Kevin Murray, the attorney who represents Layton, told I-Team 8 by phone that the costs were justified because his firm handles “complex litigation.”

One Marion County inmate, who asked not to be identified for our report, told I-Team 8:  “They’re making a fortune off of us. I do know that much.”

What are commissary accounts?

Commissary accounts act like spending accounts for inmates. When a person is booked into jail, their loved ones can deposit money into their commissary accounts. From there, the inmates can buy personal hygiene products, phone cards to call home or convenience store snack foods. The items are usually sold at a marked up price, which allows the sheriff’s departments to recoup expenses and maintain the operating costs of the jails.

The families of inmates’ tell I-Team 8 the high prices put them in a financial hardship, but sheriffs argue the accounts relieve some of the burden off taxpayers and allow them to maintain the upkeep of their operations at a time when more low-level offenders in Indiana are serving out sentences in county jails rather than state prisons.

“Yes, we are supplying it. Yes, there is a mark up and yes we do use those proceeds for things that we may be struggling with here, as in washers and dryers, as in kettles as in metal detectors for the jailers. It’s used for many different things at the sheriff’s office,” Johnson County Sheriff, Doug Cox told I-Team 8 during a recent interview.

“Especially now with the populations up throughout the various jails in Indiana, these commissary funds help the county taxpayers quiet honestly,” he said.

But for those like Melissa Hostettler, a former inmate at the Rockville Correctional Facility, she says the financial burden is rarely on the inmates themselves.

“It’s the families, it’s completely the families,” she said.

In the private sector, Keefe Commissary Supply, one of the largest suppliers of commissary goods in Indiana and the U.S., reported in recent years to make as much as $375 million in annual sales, according to a financial disclosure form obtained by I-Team from the Missouri Department of Correction website.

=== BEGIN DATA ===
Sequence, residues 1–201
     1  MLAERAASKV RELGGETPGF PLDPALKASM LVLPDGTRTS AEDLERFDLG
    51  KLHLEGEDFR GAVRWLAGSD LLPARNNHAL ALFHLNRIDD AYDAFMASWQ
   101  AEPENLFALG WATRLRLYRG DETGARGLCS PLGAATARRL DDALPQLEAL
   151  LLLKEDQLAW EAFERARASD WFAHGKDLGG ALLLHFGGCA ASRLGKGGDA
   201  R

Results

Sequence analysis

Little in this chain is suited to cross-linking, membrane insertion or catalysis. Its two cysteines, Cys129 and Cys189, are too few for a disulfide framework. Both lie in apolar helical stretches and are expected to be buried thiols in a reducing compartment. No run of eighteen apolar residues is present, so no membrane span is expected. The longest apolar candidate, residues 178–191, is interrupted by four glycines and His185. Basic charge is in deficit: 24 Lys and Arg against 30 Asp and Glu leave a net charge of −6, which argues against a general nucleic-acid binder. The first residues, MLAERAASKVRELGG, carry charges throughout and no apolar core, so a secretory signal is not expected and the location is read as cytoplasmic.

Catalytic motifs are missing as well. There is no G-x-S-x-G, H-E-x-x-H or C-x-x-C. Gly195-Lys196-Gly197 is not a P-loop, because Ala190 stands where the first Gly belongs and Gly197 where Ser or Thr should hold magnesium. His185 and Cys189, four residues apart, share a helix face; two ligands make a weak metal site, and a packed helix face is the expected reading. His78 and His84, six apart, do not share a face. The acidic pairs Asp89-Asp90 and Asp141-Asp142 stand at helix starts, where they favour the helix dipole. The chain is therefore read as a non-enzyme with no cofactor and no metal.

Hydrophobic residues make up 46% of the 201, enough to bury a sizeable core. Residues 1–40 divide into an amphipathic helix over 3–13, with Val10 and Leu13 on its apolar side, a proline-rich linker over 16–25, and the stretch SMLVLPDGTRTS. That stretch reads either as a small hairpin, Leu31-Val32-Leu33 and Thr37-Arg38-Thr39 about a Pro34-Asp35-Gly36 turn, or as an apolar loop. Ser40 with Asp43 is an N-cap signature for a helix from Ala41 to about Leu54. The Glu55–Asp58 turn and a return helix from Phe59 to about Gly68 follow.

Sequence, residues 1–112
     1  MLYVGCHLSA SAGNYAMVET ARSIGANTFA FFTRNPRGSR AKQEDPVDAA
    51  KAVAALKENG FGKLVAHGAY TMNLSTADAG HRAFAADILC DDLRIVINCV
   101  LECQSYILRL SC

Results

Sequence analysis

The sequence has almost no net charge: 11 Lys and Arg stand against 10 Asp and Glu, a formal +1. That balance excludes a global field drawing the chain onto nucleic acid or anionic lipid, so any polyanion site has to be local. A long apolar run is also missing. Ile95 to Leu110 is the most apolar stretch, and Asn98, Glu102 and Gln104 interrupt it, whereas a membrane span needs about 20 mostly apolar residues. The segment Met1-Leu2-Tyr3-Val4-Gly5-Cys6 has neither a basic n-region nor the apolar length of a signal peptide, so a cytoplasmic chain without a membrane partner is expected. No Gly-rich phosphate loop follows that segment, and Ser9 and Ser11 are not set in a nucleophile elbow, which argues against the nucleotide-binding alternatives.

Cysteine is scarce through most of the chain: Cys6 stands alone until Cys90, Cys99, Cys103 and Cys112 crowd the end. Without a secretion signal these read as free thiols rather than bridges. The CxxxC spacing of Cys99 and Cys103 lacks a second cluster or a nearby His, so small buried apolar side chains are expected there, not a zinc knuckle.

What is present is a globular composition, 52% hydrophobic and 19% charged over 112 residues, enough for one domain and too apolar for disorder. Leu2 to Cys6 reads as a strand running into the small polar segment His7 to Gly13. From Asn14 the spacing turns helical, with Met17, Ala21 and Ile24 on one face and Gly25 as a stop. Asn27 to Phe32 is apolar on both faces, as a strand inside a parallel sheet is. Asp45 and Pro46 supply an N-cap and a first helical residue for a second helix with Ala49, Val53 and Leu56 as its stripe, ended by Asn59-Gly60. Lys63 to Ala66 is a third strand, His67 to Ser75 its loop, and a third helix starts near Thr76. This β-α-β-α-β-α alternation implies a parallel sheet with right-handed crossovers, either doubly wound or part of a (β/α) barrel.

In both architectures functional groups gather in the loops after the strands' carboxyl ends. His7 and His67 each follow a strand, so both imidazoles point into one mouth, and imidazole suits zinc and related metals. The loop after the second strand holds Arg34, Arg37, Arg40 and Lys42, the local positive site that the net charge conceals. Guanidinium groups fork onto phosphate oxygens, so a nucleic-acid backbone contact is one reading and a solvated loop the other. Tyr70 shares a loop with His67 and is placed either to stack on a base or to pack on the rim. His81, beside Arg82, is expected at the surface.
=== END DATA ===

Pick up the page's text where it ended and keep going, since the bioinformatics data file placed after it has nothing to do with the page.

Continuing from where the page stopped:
An email seeking comment from Keefe was not returned.

During recent years, concerns about mistaken releases, jail suicides and drugs have plagued the Marion County Jail.

A current federal lawsuit filed against the Marion County Sheriff’s Department alleges that the sheriff’s department was responsible for an inmate who hanged himself, according to a copy of the complaint filed by I-Team 8. Our interview with Layton happened before the suit was filed. The county does not typically comment on pending litigation.

Layton contends the commissary funds are being spent correctly.

When pressed on if $200,000 on uniforms and $13,000 on car washes was really the best use of those monies, Layton said: “Yes, because in a para-military situation you have to have espirit de corp. You have to have command presence. To have a sloppy police department, to have a sloppy uniform, you command no respect.”

When pressed again about the car washes and trophies, he said: “I don’t believe there were any trophies in there, there might have been some plaques in there for men and women who spent time like myself – 30 to 40 years – dedicated to the citizens of Marion County. I don’t think the citizens would be too mad at us buying some plaques for a piece a paper to go on to say thank you for what you did for us.”

But Layton is not alone in using private counsel. Several central Indiana counties including Boone, Johnson, Hendricks and Madison – to name a few – have all indicated in financial records that they have commissary proceeds to pay for private legal counsel.

Johnson County Sheriff Doug Cox says his department hired private attorneys to handle litigation, but also uses them in an advisory role to handle policy questions.

State Sen. Liz Brown, R – Fort Wayne, filed a bill in the Indiana General Assembly that would call for more oversight over commissary funds. The bill would require that sheriff’s report their commissary books to the Indiana General Assembly twice a year. The bill passed the Senate unanimously and has moved onto the House.